Anke Schwarzkopf says that the controversial discussions in their international classroom have taught her to be careful about her own opinion and see conflicting points of view as a challenge.

Anke Schwarzkopf, a 26-year old student from Germany is currently in her second, and final, year of the master’s programme International and European Relations. They are currently working in groups according to the problem-based learning approach. Anke and her fellow students decide in teams on the research questions and issues to work with, but will also eventually work on the chosen topic individually. 

“The most interesting part of these assignments is the broad spectrum of opinions within the group and in fact, none of them are wrong.”
Anke has a background in Governmental Science and has done an internship in a German embassy, therefore, she was more interested in the second- and third semester of the programme:

“The first semester is mainly an introduction, afterwards it all becomes more specific and demanding when the semesters are concentrated on the EU and Global Governance. What makes the theory more interesting is, for example, the guest lectures we had by a writer of one of the books we read. These different perspectives and research knowledge make the course engaging.”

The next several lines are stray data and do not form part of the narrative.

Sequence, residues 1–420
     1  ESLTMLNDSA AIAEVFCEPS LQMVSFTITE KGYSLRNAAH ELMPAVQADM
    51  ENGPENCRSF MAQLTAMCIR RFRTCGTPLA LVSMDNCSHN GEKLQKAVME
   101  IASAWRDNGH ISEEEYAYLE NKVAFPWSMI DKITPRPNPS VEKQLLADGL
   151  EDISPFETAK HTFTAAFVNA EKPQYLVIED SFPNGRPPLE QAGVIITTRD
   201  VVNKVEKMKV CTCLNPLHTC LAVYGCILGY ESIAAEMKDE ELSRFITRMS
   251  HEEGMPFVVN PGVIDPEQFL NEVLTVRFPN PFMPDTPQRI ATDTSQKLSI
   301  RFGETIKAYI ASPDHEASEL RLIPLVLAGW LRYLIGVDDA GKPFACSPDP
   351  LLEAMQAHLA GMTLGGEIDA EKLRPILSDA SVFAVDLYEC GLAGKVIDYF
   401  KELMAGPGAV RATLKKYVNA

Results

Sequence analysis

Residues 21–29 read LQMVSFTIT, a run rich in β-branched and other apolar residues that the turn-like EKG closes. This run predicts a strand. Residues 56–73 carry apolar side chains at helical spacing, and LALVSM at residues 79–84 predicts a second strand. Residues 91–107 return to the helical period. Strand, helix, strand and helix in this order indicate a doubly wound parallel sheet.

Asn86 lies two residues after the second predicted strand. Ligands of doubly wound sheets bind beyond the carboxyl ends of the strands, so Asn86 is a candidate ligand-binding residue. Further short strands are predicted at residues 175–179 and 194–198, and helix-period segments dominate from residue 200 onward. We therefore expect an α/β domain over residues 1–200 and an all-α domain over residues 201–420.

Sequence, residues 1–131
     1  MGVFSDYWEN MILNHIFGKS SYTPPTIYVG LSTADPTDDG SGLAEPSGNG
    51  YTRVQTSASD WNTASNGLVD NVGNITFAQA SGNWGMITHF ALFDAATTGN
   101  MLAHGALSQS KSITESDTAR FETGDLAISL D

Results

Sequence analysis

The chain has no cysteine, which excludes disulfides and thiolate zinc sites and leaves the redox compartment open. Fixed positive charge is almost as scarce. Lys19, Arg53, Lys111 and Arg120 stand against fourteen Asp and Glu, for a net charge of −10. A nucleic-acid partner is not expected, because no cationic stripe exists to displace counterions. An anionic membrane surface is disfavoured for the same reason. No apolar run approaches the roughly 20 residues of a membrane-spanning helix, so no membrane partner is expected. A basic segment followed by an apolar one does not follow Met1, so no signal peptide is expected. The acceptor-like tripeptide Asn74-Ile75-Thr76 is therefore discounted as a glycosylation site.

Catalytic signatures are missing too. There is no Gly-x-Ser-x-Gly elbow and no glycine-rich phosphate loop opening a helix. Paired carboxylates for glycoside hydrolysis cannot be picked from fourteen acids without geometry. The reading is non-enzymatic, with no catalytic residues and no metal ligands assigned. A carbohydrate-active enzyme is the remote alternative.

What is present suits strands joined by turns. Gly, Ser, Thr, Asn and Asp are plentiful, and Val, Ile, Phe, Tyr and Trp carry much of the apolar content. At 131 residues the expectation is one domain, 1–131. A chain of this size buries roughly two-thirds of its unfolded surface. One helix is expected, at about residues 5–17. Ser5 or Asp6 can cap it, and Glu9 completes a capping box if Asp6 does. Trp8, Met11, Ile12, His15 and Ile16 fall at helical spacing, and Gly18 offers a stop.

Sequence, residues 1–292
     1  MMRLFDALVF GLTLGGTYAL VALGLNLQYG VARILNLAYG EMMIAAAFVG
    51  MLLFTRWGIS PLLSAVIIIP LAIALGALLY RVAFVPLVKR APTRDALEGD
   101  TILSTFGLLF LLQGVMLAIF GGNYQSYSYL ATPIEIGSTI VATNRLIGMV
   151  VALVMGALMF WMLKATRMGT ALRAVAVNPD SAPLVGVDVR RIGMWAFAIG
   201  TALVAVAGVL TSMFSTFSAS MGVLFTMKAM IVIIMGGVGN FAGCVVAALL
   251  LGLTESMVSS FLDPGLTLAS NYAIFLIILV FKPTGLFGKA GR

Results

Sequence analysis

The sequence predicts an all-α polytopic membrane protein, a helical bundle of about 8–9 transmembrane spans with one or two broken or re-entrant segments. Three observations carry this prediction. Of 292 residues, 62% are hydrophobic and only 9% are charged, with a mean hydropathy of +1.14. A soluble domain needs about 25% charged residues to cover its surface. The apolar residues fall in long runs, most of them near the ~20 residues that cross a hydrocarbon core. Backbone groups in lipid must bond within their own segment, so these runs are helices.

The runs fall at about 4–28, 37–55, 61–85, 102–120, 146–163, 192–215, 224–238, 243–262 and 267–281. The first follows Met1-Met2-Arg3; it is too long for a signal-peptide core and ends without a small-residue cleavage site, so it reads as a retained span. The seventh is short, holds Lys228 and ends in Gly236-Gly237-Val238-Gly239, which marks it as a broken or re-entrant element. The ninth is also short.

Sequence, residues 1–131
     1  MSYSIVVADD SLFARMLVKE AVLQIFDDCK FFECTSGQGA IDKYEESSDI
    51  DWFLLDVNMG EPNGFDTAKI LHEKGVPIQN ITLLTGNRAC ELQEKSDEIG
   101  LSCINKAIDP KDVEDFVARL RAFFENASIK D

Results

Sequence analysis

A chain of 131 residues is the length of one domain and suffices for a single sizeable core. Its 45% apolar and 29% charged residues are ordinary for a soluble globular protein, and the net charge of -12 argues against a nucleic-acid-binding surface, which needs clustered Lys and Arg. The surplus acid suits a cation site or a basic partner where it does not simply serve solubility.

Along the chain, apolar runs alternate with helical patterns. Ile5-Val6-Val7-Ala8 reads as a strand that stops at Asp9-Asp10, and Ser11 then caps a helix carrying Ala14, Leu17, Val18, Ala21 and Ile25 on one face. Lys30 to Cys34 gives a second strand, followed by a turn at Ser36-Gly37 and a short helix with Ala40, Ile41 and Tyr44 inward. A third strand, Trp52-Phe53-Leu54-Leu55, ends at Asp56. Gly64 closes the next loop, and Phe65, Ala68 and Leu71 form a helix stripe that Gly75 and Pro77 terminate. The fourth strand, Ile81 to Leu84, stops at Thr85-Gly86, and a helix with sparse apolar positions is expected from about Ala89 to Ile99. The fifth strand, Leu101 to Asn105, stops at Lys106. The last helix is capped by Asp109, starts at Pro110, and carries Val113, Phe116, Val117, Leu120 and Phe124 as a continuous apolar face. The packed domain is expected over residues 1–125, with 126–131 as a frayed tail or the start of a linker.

Although Anke is about to start writing her thesis, she is not finished with university yet:

“I’m not done with learning. Hopefully, I can continue with a PhD here in Linköping or elsewhere in Sweden. I am not completely sure where I see myself in the future but I am definitely planning on seeing more of the world and then I will just see what comes up.”